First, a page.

Using pulsars to probe gravity, dark matter & stellar populations in the Galactic Centre
The discovery of a pulsar closely orbiting the super-massive black hole at the centre of our Galaxy, Sgr A*, would not only supersede all previous tests of General Relativity (GR) in\ the strong-field regime, it would also enable the space-time around a rotating black hole to be probed with high precision and in a model independent fashion; for example, allowing tests of the cosmic censorship conjecture and the no hair theorem. Such a "laboratory" for precision tests of GR and black hole physics would be unrivalled by any future astrometric measurements of the S-Stars. Furthermore, mass-segregation in the central parsec may also lead to the presence of additional gravitational testbeds in the form of stellar-mass pulsar black hole binaries. As part of the MPIfR “S-Band Project”, the Max-Planck receivers will be used to conduct a sensitive survey of the innermost region of the Galaxy in the vicinity of the black hole. The MPIfR will share the results with TRAPUM as input for further studies.

Fast transients – working with MeerTRAP to discovering and understand source populations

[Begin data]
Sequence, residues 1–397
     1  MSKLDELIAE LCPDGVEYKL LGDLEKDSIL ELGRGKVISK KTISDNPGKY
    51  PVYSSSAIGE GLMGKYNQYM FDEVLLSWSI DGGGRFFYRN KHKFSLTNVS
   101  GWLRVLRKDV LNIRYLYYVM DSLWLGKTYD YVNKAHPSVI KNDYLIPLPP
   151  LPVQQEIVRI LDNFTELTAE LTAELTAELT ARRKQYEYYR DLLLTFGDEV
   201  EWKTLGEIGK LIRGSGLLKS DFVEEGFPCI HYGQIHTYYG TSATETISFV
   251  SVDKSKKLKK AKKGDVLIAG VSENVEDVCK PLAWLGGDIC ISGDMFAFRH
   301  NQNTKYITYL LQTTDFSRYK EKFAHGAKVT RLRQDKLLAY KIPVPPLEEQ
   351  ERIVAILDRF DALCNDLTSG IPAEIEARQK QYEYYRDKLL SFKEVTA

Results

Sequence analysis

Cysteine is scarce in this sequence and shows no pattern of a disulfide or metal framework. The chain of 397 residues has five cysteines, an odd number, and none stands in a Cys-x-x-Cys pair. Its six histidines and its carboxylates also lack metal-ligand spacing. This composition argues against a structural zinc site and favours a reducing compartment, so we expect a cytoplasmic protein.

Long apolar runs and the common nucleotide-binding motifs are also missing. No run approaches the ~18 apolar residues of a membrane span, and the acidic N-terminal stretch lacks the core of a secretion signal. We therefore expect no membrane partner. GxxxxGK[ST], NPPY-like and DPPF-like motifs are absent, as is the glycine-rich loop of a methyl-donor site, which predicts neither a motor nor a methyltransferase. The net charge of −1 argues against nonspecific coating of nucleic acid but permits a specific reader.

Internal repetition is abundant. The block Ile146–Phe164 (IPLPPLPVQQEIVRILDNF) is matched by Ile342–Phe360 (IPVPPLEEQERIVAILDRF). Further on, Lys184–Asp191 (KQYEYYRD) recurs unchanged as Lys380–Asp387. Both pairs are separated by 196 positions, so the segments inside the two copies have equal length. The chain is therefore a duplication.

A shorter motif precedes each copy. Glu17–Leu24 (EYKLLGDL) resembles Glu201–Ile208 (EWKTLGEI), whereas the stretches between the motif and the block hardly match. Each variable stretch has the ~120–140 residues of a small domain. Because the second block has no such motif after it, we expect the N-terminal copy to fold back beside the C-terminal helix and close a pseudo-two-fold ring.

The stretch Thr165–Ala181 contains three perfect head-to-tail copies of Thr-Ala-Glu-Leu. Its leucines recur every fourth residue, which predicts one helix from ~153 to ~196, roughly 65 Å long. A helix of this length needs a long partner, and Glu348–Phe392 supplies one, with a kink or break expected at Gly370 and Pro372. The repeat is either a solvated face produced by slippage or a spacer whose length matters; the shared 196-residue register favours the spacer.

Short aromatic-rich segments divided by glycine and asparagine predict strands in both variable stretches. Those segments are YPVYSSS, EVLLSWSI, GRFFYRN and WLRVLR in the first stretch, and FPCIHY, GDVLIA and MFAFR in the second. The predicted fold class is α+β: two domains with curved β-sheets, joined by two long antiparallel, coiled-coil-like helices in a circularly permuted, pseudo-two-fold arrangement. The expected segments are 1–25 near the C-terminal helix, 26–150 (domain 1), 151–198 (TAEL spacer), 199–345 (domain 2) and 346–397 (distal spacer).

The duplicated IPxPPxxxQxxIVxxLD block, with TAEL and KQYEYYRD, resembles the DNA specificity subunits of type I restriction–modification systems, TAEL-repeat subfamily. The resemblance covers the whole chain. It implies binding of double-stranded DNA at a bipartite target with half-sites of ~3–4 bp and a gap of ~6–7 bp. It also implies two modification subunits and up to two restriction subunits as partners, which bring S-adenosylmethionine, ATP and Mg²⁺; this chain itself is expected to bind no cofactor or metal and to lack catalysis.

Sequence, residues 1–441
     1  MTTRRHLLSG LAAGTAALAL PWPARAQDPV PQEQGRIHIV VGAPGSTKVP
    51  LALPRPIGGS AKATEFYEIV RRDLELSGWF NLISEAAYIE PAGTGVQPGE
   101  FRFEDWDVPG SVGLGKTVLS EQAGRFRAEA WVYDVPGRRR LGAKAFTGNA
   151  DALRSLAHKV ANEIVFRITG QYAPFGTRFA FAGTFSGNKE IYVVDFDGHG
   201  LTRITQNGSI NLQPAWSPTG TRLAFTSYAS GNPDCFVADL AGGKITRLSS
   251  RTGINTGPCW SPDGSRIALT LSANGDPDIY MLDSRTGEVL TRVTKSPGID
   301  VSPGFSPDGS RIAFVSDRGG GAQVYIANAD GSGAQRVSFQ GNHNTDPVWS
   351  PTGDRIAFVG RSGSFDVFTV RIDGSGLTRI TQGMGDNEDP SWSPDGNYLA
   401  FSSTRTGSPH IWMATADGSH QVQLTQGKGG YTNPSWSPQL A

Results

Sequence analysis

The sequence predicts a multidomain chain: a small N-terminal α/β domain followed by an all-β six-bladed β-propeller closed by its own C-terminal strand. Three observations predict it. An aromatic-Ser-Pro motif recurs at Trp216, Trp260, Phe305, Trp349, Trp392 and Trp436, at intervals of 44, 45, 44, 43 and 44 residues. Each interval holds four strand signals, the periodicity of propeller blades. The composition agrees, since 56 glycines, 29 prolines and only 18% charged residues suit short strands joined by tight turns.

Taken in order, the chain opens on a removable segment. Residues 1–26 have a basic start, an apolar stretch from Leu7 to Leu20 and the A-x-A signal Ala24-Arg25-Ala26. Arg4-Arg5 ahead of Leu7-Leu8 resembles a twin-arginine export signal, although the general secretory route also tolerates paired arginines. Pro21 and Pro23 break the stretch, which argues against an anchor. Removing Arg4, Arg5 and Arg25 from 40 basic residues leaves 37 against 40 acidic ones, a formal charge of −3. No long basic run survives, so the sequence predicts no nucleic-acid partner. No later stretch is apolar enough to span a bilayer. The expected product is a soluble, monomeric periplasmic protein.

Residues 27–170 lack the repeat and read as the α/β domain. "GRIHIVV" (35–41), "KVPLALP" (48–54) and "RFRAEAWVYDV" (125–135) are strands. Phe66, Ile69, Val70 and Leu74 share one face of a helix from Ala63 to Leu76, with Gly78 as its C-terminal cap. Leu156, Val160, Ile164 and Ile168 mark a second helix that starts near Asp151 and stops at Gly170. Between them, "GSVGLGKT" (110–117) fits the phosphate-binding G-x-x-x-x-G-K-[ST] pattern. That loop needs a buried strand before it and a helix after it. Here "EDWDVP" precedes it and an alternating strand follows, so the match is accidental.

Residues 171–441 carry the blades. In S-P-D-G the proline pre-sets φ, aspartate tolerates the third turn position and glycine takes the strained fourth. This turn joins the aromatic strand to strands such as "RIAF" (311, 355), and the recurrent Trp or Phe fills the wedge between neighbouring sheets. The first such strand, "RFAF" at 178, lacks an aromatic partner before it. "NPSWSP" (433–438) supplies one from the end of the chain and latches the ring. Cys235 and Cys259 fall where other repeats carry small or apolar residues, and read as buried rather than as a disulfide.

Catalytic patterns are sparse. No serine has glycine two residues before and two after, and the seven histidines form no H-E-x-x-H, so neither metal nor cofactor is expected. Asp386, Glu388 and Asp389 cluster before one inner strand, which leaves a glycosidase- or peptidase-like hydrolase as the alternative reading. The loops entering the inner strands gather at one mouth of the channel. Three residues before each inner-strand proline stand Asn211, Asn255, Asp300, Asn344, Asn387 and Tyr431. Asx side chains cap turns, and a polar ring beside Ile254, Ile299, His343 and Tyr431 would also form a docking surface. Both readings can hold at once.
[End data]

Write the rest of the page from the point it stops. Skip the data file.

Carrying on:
The fast transient landscape has changed dramatically since 2010 with the discovery of the population of FRBs, including the revelation that some repeat, which are exciting in themselves but also highlighted that the dynamic radio sky is still largely unexplored and with potentially more rich rewards. MeerKAT’s unique combination of wide FoV, high sensitivity, and wide bandwidth will provide supreme sensitivity per unit time and frequency making it a prime instrument to study the transient sky. We will carry out commensal observing for fast transients on all of the TRAPUM observations proposed here: High energy point sources and SNRs, globular clusters and external galaxies.